African Americans have come a long way since the days of slavery.
One story that isn’t often told is that of Lavinia Bell.
She was born a free woman in Washington, but was kidnapped and forced into slavery in Galveston.
She was forced to work in the fields naked, harnessed to a plow.
She tried many times to escape. After one attempt, she and her husband were captured. Her husband was beaten to death and Lavinia was mutilated.
“You can kill the body, but you cannot kill the spirit,” said Sandaria Faye, a Ph.D. candidate in the School of Arts and Humanities at UT Dallas, and author of Mourner’s Bench.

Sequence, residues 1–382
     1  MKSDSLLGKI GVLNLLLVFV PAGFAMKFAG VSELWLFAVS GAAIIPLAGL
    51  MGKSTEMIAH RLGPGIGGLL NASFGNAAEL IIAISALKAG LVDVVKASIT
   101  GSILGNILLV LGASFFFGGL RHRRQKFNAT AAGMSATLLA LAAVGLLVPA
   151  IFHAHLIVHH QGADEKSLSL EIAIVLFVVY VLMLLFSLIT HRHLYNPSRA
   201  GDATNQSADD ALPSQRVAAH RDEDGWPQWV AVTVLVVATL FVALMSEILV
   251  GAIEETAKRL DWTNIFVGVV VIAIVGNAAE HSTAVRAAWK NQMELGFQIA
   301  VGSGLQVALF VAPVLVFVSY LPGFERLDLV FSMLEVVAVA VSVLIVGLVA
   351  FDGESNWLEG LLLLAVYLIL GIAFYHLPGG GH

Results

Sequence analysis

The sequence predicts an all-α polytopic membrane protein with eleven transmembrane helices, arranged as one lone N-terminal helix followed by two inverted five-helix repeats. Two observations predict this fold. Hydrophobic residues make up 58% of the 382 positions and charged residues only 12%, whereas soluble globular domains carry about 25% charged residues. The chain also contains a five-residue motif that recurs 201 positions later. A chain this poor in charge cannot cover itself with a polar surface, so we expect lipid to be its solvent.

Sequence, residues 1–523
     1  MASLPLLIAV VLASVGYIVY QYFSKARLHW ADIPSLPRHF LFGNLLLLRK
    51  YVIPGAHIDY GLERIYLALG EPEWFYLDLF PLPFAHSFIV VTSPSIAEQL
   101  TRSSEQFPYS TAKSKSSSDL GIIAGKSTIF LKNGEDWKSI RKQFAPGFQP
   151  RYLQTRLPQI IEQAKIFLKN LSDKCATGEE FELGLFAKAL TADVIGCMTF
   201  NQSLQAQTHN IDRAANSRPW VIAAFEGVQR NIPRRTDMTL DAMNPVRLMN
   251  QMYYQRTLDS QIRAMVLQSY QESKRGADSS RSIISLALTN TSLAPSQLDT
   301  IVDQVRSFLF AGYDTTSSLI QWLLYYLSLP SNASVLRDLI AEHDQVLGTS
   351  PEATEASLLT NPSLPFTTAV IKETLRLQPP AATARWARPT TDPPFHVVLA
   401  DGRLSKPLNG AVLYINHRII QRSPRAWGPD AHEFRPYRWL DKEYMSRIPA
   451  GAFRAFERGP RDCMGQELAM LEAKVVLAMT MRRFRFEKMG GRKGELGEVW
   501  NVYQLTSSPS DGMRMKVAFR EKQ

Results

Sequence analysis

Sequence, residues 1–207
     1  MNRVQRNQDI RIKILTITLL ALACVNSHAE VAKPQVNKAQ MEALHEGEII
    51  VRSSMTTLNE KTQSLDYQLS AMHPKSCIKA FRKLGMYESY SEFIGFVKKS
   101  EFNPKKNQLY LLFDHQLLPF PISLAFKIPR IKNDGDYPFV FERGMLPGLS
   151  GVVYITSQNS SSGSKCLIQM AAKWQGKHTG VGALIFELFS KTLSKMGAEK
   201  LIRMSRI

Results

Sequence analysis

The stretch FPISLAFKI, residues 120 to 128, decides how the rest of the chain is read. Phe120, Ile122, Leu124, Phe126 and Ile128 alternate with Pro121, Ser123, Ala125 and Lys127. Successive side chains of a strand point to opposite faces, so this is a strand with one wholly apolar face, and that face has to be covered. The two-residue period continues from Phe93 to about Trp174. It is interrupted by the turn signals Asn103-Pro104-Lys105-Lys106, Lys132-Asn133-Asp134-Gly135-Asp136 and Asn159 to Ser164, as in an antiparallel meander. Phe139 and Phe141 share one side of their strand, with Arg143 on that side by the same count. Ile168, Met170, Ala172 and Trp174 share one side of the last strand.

On one escape attempt in 1861, she finally made it all the way to Ohio and New York State. A kind man paid her train fare to Montreal.
That’s where a newspaper learned of her story and told the world about the torture she received at the hands of her owner in Texas.
“Most people, being maimed, being beaten, the way that she was, she did not give up. Not only did she not give up, she encouraged other people not to give up and freed them,” Faye said. “That’s more than one person needs to do in a lifetime.”
Records show she leased a home in Montreal for about two weeks in April of 1861, but there’s no record of what happened to her after that.
We can only hope the end of her life was much better than the beginning.